When I first heard of Microsoft's investments into Bots I must admit I didn't see the point. Then actually seeing them in action I was sold - it's a great new communication channel you can create for users. It's also potentially very low hanging fruit. As an example take QnA Maker.

QnA Maker is a (currently) free tool from Microsoft that allows you to create a Chatbot from semi-structured FAQ documents or web pages. This takes just a few minutes. The site is https://QnAMaker.ai

Chatbot01

Once you've signed up you can click 'Create New Service' on the top menu.

Chatbot02

You're presented with a page to name your Service (your Bot) and choose the sources of the FAQ you'd like to setup.

Chatbot03

In my case I named the Bot SharePointFAQBot and uploaded a document that contained a series of questions and answers; How do I check-in a document? etc

If my FAQ was online I could have entered the URL(s) also, though a word of warning this doesn't work with authenticated links, so ironically if your FAQ was already in SharePoint you couldn't enter that url.

QnAMaker churned for just a couple of seconds before telling me it was ready. It had identified 22 Question / Answer pairs, and puts them in a tabular format for editing and review;

Chatbot04

One of the Microsoft guys told me that when they first started trialing Bots the majority of questions were "Tell me a joke" and "What's the weather". As such it's perhaps best to put in default answers to these questions - to keep users engaged. They'll be surprised to get an answer to flippant questions and may stick with the channel as a result. You can do this by clicking 'Add new QnA Pair'.

Chatbot05

I added a couple of jokes here with slightly different wording for the questions. One of the clever things here is that when QnA Maker receives a question it doesn't need an exact match between your question wording and that entered. It's going to have a go at matching (behind the scenes it assigns a probability score against its guess which you can use in your code - topic for a later blog post).

After saving those changes we can now test the Bot by clicking that option in the left-hand menu.

Chatbot06

You ask questions as a user will and the answers are displayed. However check out the options on the left I've highlighted in red. Other best guesses at which answer should be displayed are shown there. By clicking on preferred answers you can train the AI to work better during real interactions! I envisage the Business Analysts and the human interaction experts going through this to make sure the channel will be effective when used in production.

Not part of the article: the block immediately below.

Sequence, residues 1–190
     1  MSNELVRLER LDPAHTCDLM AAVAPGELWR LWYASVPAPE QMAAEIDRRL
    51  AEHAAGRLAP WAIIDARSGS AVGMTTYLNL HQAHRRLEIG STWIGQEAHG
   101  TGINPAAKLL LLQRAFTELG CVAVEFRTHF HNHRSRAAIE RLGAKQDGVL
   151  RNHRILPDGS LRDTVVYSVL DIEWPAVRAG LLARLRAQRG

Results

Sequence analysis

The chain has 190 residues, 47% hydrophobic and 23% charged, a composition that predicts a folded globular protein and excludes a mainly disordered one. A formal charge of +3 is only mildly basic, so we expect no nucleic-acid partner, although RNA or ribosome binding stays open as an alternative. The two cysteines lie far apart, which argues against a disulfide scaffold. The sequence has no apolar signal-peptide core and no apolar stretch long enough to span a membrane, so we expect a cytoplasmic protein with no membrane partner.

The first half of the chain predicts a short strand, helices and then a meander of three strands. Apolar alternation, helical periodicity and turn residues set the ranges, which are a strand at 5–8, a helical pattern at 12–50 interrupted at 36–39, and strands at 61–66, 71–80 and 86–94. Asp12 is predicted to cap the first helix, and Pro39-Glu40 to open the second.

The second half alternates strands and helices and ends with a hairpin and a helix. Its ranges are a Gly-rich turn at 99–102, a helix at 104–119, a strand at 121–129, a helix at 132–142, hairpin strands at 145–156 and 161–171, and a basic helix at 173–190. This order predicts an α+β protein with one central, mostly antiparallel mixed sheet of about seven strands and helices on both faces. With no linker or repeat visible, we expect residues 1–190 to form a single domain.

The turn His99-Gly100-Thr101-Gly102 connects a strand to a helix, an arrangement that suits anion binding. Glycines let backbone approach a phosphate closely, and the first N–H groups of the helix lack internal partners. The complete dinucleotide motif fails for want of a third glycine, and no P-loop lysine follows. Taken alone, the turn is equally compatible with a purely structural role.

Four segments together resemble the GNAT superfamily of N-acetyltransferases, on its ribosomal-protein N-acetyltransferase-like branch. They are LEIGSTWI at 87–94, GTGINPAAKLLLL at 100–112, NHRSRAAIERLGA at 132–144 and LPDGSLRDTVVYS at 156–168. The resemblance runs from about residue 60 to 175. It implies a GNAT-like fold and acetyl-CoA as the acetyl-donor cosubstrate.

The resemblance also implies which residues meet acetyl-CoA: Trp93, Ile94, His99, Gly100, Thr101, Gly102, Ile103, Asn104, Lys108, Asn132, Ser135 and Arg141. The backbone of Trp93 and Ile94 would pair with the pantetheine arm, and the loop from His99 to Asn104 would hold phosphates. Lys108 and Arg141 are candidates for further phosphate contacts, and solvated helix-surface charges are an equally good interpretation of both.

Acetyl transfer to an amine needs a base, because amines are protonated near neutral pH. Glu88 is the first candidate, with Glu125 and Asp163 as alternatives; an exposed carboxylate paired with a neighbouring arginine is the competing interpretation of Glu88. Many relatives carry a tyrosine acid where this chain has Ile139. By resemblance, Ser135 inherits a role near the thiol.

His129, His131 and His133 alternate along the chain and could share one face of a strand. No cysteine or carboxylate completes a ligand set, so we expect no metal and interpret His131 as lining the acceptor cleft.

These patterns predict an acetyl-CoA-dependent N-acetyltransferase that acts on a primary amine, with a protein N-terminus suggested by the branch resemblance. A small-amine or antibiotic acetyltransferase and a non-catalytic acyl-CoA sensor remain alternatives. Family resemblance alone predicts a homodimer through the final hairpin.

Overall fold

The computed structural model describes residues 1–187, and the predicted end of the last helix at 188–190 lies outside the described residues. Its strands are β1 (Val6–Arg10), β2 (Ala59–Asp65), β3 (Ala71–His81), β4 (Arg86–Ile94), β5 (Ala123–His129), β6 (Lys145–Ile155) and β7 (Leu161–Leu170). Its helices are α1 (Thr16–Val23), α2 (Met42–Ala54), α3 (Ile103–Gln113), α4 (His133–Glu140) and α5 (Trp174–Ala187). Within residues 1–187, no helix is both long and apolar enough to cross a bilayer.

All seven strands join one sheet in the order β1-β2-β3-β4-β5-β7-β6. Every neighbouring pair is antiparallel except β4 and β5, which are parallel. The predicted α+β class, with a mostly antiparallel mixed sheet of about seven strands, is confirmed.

Once this is fit for purpose you can click the Publish button, and some anti-climax ensues;

Chatbot07

When published what you have is a working web service you can pass JSON formatted questions to and get a response. To get this in production now requires using Azure Bot Service, or coming up with some solution to call the REST interface and display the responses. In short, the user friendly aspect of this ends at this screen. Business users can maintain the FAQ text and conversations nicely with this tool, but IT intervention is needed to deploy. (Which is why this blog post if part 1).

Note that I've greyed out part of the screenshot above, hiding my Ocp-Apim-Subscription-Key value. This is sensitive information because it can be used to call your Bot and use your resources, so keep it private! (It can be reset if you believe it's been divulged though).

There are some remaining things to keep in mind about QnAMaker;

  • It is still in Preview so is subject to change
  • QnA Maker is free with limts;
    • Default limit of 10k transactions per month, 10 per minute
    • A free premium tier is available on request (fill in a form on the site) giving you higher usage limts;
      • 500k transactions per month, 1000 per minute
    • There is a 20 Mb knowledge base size limit (but that's a lot of QnA pairs)
  • Your QnA pairs can be in any language (though service has been most thoroughly tested in English)
  • If providing FAQ in multiple languages create a separate service per language

That's about it. In the next post on this topic I'll show some of the different ways we can publish this content onto SharePoint, Mobiles, or whatever channel we choose in fact.

It may help you to know that I created a video outlining the steps above and that can be viewed here;